Musée National du Moyen-Age: Thermes et Hôtel de Cluny

Unusual Paris Museums and Galleries: Museum of the Middle Ages:

Courtyard and Tower Follow Me on Pinterest

Courtyard and Tower

Small but eminently important, the Musée National du Moyen-Age (National Museum of the Middle Ages), has a range of medieval sculptures and artifacts dedicated to the everyday life, the art and history of France during the Middle Ages.

Located right in the Latin Quarter, the main museum is housed in a 15th century Gothic mansion, Cluny Abbey which housed the abbots of Cluny.

Museum Collections

The main collections contain a wide selection of medieval art as well as a collection of original sculptures and these are laid out in several rooms according to themes. Room 6 has a variety of valuable 12th and 13th-century stained glass windows from various locations in France, including Sainte-Chapelle in Paris. Room 8, named the Notre-Dame Room, has exhibits showing the various stages in the construction of the cathedral. The gallery of the Kings of Juda, with its twenty-one monumental heads, is spectacular. Removed by mobs and buried during the Revolution, they were discovered by chance in 1977.

Musée de Cluny Follow Me on Pinterest

Gallery of the Kings

Next door in Room 9 are the oldest (3rd century) Gallic-Roman baths in Paris, including a "Frigidarium” (cold room). These baths are particularly important given their exceptional state of preservation due to the nearly continuous use of the building since the Middle Ages.

Although the tapestries, especially the famous 15th century Lady and Unicorn, are spectacular and some of the main holdings of the museum, the more interesting exhibits are the things you never

Musee Cluny Follow Me on Pinterest

Tapestry Room


usually see in museums, everyday. Room 22 is dedicated to domestic life and here you’ll see objects relating to daily life, particularly from the late Middle Ages, such as items used at home (chests, boxes and tapestry, children’s toys), at the table (cutlery and plates and the like), and for personal appearance (clothes and accessories, shoes, combs). Medieval travel is represented by objects such as weights and coins, travel chests and emblems evoking distant pilgrimages (St-Jacques (James) of Compostelle, Rome and even the Holy Land).

And don’t forget the medieval style garden, which was only opened in September 2000. It surrounds the Cluny Abbey with garden areas inspired by the medieval collections in the Museum.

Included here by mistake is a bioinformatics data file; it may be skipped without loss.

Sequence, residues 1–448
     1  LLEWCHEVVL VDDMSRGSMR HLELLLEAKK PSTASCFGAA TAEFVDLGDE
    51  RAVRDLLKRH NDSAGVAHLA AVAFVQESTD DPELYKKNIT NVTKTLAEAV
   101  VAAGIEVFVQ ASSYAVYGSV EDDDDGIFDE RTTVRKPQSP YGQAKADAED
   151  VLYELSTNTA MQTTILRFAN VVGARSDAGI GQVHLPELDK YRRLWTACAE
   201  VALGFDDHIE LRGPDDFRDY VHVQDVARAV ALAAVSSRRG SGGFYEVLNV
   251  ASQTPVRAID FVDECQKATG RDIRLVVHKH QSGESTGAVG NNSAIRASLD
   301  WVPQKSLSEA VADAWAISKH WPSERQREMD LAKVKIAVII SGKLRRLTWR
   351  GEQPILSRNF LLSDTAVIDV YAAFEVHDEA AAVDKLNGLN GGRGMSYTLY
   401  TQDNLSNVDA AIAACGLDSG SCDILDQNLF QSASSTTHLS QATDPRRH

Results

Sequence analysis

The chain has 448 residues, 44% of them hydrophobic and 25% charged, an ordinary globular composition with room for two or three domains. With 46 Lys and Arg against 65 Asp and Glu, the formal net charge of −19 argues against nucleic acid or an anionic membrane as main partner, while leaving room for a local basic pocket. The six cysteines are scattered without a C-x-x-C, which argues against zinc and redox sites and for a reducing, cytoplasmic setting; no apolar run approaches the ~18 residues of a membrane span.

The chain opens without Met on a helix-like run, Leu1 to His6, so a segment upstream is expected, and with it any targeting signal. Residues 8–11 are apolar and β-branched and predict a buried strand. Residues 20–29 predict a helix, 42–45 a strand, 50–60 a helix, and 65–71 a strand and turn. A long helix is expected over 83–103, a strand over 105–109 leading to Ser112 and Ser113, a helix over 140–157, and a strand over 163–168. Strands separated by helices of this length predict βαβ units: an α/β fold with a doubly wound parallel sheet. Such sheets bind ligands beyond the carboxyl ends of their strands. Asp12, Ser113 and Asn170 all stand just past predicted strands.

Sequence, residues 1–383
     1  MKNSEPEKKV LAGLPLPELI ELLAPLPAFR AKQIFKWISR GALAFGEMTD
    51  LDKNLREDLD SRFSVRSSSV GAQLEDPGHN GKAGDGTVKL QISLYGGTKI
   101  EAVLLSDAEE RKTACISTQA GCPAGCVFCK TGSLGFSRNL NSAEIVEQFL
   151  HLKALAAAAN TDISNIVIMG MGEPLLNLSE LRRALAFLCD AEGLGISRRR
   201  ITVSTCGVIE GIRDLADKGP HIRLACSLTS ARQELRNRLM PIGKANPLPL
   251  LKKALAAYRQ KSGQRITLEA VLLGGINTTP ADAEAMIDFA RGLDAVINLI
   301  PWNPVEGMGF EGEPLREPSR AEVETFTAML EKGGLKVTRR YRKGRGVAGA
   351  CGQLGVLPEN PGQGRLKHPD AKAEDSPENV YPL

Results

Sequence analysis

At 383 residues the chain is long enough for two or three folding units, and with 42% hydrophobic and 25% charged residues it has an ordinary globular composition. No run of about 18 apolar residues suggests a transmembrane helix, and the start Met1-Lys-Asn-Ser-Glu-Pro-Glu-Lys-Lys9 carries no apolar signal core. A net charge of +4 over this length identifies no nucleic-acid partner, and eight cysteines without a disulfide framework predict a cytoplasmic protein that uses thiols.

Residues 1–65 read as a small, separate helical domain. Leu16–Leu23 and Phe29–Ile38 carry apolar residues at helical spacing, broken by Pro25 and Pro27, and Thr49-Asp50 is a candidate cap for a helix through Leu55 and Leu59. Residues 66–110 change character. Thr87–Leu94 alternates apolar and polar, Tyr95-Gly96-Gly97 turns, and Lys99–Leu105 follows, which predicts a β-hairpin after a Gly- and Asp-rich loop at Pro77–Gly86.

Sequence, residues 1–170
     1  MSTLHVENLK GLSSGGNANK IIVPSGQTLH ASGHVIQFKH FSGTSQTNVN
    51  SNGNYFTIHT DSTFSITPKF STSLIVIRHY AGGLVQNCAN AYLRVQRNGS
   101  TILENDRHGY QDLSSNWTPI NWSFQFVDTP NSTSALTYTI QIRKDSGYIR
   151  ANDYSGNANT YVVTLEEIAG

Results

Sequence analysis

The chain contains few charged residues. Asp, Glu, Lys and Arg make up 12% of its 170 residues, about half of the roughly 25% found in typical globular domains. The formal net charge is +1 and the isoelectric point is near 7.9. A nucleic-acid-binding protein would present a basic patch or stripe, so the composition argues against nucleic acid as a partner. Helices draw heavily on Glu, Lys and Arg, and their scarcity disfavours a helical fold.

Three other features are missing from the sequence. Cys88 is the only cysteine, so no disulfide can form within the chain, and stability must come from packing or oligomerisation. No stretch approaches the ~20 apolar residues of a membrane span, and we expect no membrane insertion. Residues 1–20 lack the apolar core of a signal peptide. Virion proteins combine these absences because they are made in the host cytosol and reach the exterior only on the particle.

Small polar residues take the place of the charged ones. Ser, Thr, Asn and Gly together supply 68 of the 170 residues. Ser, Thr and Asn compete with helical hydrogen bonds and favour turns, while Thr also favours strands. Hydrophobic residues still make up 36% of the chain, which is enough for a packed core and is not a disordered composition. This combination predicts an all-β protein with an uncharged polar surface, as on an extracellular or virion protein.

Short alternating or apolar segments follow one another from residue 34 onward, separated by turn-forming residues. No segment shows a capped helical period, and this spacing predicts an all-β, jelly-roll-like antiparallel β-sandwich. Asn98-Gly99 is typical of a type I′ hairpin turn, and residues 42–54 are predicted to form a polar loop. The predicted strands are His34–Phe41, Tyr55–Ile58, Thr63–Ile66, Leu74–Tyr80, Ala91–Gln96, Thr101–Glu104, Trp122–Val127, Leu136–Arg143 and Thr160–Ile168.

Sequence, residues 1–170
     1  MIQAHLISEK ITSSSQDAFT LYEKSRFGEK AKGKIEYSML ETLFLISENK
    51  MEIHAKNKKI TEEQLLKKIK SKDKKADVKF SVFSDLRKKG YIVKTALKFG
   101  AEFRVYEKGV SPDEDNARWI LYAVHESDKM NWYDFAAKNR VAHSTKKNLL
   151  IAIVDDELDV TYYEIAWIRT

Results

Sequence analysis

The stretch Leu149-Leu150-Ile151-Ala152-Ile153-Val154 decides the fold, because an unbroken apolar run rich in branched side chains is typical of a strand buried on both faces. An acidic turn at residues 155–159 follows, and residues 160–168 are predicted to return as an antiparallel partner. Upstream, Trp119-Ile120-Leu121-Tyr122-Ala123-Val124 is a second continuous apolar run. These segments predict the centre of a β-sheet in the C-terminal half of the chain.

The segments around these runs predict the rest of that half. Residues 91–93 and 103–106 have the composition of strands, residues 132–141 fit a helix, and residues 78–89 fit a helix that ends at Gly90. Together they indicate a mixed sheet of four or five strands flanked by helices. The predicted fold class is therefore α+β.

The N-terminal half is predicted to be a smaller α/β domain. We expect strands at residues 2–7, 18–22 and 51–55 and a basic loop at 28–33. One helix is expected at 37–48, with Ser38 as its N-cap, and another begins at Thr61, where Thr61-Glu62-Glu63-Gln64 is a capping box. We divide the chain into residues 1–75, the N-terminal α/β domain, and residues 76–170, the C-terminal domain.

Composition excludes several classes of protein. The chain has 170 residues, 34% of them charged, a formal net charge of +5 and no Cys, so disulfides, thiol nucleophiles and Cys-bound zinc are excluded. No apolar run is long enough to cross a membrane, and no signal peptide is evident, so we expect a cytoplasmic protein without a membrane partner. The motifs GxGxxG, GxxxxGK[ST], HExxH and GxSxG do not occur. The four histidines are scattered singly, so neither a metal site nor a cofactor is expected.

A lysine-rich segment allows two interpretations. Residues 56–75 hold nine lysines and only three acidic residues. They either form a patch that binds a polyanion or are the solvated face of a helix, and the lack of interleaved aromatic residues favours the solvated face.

You don’t have to be an expert in Middle Ages history to enjoy the exhibits in the Musée National du Moyen-Age. Many of the exhibits in this high quality museum, although from the Middle Ages, are very well preserved and exquisite treasures that anyone can enjoy for their beauty and great craftsmanship. If you have the Paris Pass, this is one of the included attractions.

You can see more photos of the Musée National du Moyen-Age Here.

Tip: Once finished with the Museum it is only a short walk to Notre-Dame, the Luxembourg Gardens, the Panthéon or Sorbonne. Enjoy a stroll through the Left Bank! tweet

Musee National de Moyen Age - ClunyMusée National du Moyen-Age
Thermes et Hôtel de Cluny
6, place Paul Painlevé, 75005 Paris
tel: 01 53 73 78 00 (switchboard and voice server) 01 53 73 78 16 (reception)
email: lettreinfo.musee-moyenage@culture.gouv.fr
website: http://www.musee-moyenage.fr/ang/index.html

Métro: Cluny-La Sorbonne / Saint-Michel / Odéon
Bus: 21 – 27 – 38 – 63 – 85 – 86 – 87
RER: line C Saint-Michel / line B Cluny – La Sorbonne
Taxis: rue Soufflot / place Saint-Michel / place Maubert
Open: every day except Tuesday, from 9:15 am to 5:45 pm
Entry: Adults (8.50 €), Under-25 (6.50 €) Free with Paris Museum Pass; no entry after 5:15 pm

Next page : Musée de la Musique

I'm eager to hear your comments...

Trackbacks

Leave a Reply

Your email address will not be published. Required fields are marked *


*

You may use these HTML tags and attributes: <a href="" title=""> <abbr title=""> <acronym title=""> <b> <blockquote cite=""> <cite> <code> <del datetime=""> <em> <i> <q cite=""> <strike> <strong>